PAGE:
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Reactivated Gene Sets Immune System Back 500M Years

August 19, 2014 11:37 am | News | Comments

A single factor can reset the immune system of mice to a state likely similar to what it was 500 million years ago. Scientists reactivated expression of an ancient gene in mice, which is not normally expressed in the mammalian immune system, and found that the animals developed a fish-like thymus.

Critical Wound-healing Proteins Identified

August 19, 2014 11:13 am | News | Comments

Mice missing two important proteins of the vascular system develop normally and appear healthy in adulthood, as long as they don’t become injured. If they do, their wounds don’t heal properly, a new study shows.           

Ebola Has Killed More Than 1,200, WHO Says

August 19, 2014 6:19 am | by The Associated Press | News | Comments

The U.N. health agency says the Ebola outbreak in West Africa has now killed more than 1,200 people. The World Health Organization says the death toll has risen to 1,229 from among the 2,240 reported cases in Guinea, Liberia, Nigeria and Sierra Leone. 

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Do Gut Bacteria Rule Our Minds?

August 18, 2014 12:46 pm | News | Comments

It sounds like science fiction, but it seems that bacteria within us– which outnumber our own cells about 100-fold– may very well be affecting both our cravings and moods to get us to eat what they want, and often are driving us toward obesity.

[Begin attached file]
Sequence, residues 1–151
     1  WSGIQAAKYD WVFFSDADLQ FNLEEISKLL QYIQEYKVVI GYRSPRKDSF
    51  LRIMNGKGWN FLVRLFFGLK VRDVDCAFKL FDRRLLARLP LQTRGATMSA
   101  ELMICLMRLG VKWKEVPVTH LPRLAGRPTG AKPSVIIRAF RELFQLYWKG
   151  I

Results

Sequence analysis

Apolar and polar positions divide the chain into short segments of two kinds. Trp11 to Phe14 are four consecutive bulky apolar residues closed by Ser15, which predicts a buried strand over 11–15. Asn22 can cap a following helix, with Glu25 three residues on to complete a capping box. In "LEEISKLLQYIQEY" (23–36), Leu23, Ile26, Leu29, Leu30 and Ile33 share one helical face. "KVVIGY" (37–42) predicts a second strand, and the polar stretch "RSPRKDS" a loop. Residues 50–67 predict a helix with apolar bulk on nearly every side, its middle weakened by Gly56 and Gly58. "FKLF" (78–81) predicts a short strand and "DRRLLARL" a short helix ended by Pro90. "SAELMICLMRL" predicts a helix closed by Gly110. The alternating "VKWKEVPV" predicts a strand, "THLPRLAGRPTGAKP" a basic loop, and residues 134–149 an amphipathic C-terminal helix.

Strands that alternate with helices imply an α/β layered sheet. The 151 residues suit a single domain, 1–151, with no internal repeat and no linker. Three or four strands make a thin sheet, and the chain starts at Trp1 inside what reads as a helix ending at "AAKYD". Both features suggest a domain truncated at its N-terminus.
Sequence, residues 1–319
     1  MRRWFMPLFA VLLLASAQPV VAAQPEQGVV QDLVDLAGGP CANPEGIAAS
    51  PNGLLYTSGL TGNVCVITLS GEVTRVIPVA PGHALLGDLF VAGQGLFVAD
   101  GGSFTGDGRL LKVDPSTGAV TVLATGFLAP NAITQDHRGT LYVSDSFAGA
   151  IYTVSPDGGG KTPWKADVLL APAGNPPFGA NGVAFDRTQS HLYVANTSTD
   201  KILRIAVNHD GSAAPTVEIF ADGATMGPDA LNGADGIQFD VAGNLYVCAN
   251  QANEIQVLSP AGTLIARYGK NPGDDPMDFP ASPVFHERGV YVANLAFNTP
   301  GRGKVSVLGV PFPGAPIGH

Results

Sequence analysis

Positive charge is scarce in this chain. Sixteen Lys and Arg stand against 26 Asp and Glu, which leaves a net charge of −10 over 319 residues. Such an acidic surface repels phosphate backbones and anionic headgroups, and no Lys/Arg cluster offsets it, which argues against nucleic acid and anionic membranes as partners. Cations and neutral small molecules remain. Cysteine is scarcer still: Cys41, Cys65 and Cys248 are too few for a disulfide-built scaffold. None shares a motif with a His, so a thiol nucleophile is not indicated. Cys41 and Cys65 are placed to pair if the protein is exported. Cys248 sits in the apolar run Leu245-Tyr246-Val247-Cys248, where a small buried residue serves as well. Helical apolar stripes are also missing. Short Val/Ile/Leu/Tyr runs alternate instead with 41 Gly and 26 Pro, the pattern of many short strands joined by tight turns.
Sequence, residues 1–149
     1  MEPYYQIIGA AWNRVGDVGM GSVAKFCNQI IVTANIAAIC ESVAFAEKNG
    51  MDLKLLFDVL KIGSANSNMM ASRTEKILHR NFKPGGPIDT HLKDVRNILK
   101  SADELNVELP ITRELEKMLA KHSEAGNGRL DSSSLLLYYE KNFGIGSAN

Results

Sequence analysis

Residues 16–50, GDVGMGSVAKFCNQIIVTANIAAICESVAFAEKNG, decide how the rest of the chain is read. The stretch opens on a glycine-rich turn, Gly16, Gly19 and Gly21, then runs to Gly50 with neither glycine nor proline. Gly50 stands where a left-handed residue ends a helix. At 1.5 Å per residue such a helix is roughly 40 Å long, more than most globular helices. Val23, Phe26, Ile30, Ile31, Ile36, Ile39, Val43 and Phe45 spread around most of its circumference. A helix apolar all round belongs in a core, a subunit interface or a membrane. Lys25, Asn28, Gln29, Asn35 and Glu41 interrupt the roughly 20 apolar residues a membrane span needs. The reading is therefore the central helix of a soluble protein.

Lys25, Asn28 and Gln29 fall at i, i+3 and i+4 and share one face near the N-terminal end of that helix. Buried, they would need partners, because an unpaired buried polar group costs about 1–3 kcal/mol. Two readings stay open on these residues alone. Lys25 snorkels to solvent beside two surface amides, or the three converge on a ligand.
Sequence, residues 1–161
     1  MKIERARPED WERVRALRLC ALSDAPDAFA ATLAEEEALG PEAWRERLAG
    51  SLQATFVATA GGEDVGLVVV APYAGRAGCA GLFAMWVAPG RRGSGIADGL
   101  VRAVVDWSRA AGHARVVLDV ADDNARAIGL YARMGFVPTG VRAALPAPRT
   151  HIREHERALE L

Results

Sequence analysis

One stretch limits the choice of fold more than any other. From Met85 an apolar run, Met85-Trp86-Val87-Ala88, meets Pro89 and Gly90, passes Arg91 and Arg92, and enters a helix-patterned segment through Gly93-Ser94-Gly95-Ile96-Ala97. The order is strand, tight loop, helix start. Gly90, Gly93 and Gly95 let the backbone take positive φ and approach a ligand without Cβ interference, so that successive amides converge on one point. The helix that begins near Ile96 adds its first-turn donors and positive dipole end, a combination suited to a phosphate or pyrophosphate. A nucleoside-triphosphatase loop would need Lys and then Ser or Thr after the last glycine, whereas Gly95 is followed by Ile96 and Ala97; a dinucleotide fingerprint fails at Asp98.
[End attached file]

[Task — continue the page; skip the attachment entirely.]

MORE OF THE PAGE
Can Twitter Help Better Identify Foodborne Illness Cases?

August 18, 2014 12:33 pm | News | Comments

An estimated 55 million to 105 million people in the United States suffer from foodborne illnesses each year, according to the CDC, resulting in costs of $2 to $4 billion annually. What if Twitter could be used to track those cases and more quickly identify the source of the problem?

Antibiotics in Early Life May Alter Long-term Immunity

August 18, 2014 11:34 am | News | Comments

New research found that receiving antibiotic treatments early in life can increase susceptibility to specific diseases later on. The study helps scientists understand how different antibiotics affect good bacteria.        

Suspect Gene Corrupts Neural Connections

August 18, 2014 10:58 am | News | Comments

A genetic variation linked to schizophrenia, bipolar disorder and severe depression wreaks havoc on connections among neurons in the developing brain, a team of researchers reports.